Despite the inflammatory mixture of fact, fear and lies that has woven its way deeply into America’s body politic, there are few signs of significantly shifting attitudes in the heartland on who should be elected the nation’s president in 2020.
The critical states that gave President Donald Trump the margin of Electoral College victory in 2016 are again uncertain, as thorny issues such as tariff-induced trade wars, immigration contretemps and the Mueller investigation have rattled voters.
Iowa, Michigan, Pennsylvania, Ohio and Wisconsin — with their collective 70 electoral votes — could again decide if Trump is given a second term or if the nation moves to whomever the Democrats select from a field of 23 potential challengers.
It depends on who you talk to in those states.
Depressed corn and soybean markets could make a difference in rural areas, which went all in for Trump last time, some say. Whether that concern is sufficient to offset the perceptions of an otherwise rosy economy is anyone’s guess.
Another important factor is the political tenets of the eventual Democratic nominee. They range from far left to moderate among the aspirants.
These are general impressions of the current political landscape in more than 20 Rust Belt, Midwest and Southern states served by CNHI newspapers that have participated in the company’s periodic “Pulse of the Voters” project since the 2016 election.
Reporters walked precincts, knocked on doors, met with voters in their living rooms, their kitchens and elsewhere, engaging them in conversation about their views heading into another presidential election cycle.
In Oklahoma, where Trump won overwhelmingly in 2016, Tahlequah resident Patrick Parker said it is hard to trust either side at this point. He described Trump as the “Jar Jar Binks of presidents,” a reference to the fictional “Star Wars” character who was both loved and hated.
Pennsylvania in play
Of the must-win states, Pennsylvania seemed most susceptible to swing from Trump to Democrat. Native son Joe Biden’s entry into the party’s swarm of candidates has so far made a difference. The most recent state polls showed Biden, Obama’s vice president for two terms, leading Trump by 11 points.
Dressed in a gray polo shirt with a United Mine Workers of America logo, John Kline spoke from his dining room table in Nicktown, one-time mining and steelmaking citadel in western Pennsylvania. He said Biden could break Trump’s stranglehold on rural voters in the state if he runs from the political middle and strives to end partisan bickering by bringing people together.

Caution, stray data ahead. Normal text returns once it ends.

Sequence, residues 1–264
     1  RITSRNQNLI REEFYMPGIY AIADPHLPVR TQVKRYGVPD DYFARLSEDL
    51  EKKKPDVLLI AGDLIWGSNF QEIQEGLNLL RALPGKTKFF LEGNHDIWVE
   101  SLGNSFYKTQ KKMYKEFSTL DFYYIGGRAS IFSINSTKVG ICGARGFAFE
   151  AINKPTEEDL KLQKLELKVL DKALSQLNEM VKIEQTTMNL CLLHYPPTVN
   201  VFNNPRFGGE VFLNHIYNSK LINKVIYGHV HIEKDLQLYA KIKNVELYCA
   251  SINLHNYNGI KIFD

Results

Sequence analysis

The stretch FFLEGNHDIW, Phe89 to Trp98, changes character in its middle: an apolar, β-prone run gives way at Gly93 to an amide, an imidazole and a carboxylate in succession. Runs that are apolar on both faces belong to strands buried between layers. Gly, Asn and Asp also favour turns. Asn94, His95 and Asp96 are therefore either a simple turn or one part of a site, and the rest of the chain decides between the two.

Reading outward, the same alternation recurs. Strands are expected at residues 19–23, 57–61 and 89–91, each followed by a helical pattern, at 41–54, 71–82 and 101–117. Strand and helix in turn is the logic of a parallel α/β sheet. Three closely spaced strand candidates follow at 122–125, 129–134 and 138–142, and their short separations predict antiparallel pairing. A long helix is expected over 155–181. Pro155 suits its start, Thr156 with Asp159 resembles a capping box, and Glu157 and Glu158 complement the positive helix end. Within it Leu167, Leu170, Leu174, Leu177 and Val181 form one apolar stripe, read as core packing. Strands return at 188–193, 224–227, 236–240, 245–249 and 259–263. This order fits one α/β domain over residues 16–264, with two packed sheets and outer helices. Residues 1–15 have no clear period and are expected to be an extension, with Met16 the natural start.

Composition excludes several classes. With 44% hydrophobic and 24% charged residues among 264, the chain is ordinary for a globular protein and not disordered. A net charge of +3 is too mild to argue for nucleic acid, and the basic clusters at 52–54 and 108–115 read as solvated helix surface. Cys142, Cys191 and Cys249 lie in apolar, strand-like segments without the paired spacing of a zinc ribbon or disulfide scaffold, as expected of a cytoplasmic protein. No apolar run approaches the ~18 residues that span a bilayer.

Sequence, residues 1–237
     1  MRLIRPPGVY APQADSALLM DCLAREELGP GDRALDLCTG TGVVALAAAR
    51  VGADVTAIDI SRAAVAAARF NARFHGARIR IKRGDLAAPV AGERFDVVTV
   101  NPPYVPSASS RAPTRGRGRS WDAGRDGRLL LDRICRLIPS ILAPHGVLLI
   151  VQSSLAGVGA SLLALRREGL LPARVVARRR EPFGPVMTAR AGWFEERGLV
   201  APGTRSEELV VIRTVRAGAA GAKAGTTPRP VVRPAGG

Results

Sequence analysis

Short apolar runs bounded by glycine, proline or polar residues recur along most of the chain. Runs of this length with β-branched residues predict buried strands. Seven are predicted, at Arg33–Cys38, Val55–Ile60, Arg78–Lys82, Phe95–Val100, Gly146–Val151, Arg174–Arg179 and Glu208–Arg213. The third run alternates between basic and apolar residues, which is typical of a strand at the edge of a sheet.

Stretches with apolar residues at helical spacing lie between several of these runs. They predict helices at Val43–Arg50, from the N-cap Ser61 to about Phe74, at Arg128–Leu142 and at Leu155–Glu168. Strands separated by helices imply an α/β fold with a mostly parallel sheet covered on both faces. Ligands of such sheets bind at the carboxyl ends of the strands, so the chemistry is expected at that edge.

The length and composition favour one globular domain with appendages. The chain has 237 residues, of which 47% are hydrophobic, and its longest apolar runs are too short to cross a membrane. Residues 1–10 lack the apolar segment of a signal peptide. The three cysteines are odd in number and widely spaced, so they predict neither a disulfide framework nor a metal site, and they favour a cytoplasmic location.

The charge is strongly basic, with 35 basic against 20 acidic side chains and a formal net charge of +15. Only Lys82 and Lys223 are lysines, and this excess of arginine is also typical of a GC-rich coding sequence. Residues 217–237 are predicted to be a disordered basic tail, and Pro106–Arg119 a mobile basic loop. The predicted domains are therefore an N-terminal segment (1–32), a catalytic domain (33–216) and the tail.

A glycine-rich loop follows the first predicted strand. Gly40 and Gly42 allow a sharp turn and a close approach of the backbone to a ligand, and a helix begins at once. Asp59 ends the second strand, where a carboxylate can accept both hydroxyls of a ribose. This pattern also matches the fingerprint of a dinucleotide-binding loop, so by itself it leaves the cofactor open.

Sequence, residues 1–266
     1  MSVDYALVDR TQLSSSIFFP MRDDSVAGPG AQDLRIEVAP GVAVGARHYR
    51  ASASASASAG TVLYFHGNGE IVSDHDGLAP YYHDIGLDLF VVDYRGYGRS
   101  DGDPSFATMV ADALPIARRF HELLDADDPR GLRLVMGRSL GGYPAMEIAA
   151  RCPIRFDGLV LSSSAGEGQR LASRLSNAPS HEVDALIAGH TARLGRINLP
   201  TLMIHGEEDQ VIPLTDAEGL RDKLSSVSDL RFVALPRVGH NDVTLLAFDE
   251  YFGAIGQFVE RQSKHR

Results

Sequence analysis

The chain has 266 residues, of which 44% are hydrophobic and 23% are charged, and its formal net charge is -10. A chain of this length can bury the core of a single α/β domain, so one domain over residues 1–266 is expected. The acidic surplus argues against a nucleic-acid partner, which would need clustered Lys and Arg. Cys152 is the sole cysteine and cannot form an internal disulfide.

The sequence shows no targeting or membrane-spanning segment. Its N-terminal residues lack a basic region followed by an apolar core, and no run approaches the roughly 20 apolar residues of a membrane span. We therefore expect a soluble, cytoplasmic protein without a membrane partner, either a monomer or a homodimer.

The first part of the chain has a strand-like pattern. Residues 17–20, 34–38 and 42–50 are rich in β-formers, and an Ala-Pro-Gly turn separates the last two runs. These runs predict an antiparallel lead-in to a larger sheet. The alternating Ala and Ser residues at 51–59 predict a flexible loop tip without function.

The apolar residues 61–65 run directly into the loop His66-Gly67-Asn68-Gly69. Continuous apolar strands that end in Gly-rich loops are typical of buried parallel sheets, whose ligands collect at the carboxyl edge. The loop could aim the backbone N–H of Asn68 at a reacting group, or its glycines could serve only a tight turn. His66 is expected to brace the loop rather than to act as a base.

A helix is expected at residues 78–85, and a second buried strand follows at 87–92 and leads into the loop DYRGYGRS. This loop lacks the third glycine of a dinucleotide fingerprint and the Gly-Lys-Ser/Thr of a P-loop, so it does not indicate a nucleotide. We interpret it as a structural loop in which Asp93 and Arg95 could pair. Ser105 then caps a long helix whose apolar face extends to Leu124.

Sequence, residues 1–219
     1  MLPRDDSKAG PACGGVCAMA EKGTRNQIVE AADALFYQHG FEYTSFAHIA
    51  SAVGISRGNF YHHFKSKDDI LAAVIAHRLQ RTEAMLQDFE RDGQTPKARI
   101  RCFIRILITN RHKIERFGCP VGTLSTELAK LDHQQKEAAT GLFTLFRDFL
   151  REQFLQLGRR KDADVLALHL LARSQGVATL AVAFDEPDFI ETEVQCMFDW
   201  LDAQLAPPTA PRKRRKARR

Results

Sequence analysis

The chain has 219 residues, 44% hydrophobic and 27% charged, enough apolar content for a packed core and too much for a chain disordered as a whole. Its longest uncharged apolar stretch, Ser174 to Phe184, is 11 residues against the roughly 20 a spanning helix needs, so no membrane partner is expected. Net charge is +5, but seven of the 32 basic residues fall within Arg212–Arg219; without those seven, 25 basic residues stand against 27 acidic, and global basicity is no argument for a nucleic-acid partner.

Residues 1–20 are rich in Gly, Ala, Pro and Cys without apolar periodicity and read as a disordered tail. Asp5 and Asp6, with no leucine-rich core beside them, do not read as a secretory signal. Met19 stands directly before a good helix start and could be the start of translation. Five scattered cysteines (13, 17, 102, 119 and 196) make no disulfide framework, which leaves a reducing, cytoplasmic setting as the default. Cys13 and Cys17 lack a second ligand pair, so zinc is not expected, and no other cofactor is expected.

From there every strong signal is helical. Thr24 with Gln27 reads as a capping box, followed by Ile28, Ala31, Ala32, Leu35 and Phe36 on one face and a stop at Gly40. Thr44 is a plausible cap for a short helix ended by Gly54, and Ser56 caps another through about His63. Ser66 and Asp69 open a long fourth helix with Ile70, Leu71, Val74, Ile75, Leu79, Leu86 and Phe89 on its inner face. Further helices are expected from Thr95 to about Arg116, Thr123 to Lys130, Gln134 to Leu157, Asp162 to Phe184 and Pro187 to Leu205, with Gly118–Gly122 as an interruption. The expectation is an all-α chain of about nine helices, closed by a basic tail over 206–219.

“I believe moderate people — Democrat and Republican — drive this country,” said Kline. “Extreme left, extreme right, you can see what’s going on around us.”
Brothers Jim and John Ferguson, retired math teachers, sat drinking coffee and talking politics outside a café overlooking Scranton’s Courthouse Square in northeast Pennsylvania. They agreed Trump could lose the state and said they’d gladly vote for Biden if he wins the Democratic nomination.
Jim Ferguson said he’s bothered by the president’s penchant for lying and contradicting himself and his subordinates. “He goes and leaks the news that he’s considering sending 120,000 troops to the Middle East and then when it’s reported, he says it’s not true. You don’t know what to believe.”
Still, he added, the president’s core isn’t giving up on him. “The sheer number of Democrats running to challenge Trump is making it difficult for opposition to the president to consolidate behind one candidate.”
Among that core is Jackie Leon, owner of Headhunters hair salon in Scranton. A Democrat-turned-Republican, she voted for Trump in 2016 and likes him cracking down on liberal immigration policies. “There’s some bad people,” she said. “You’re getting killers and everything.”
Rural Pennsylvania delivered Trump’s victory last time, and Monday night it was the site of his latest political rally in the borough of Montoursville near Williamsport. He accused Biden of abandoning Pennsylvania for Delaware, where he served seven terms as a U.S. Senator.
“He left you for another state, and he didn’t take care of you, because he didn’t take care of your jobs,” said Trump. “He let other countries come in and rip off America. That doesn’t happen anymore.”
Trump’s message won’t move Marissa McIntire, 24, mother of a toddler and a pro-choice advocate. She said defeating Trump “is not an option, it’s a necessity — for women everywhere, for minorities everywhere, for everyone whose voice over the past almost three years now has just been muted.”
McIntire works as a breastfeeding counselor for the Supplemental Nutrition Program for Women, Infants and Children in Meadville, Pennsylvania. She proudly wore a “March On” T-shirt purchased at a thrift store.
“My biggest thing is that we’re back in this timeframe where women are treated as property yet again,” she said.
Drake Parker, 54, also of Meadville, doesn’t buy the argument that as a black voter he should reject the president. He said he voted for Trump last time and expects to do so again.
“I’ll get backlash for that,” said Parker, president of the local NAACP chapter. He said Trump voters are willing to put aside his character — “which leaves much to be desired, and the way he carries himself” — because of the strong economy. “He’s done a phenomenal job, in my opinion,” said Parker.
Few voters acknowledged reading special counsel Robert Mueller’s report on the investigation into Russian interference in the 2016 election, a report that cleared Trump and his campaign of conspiring with the Russians but also cited instances of possible obstruction of justice by the president in trying to shut down the inquiry.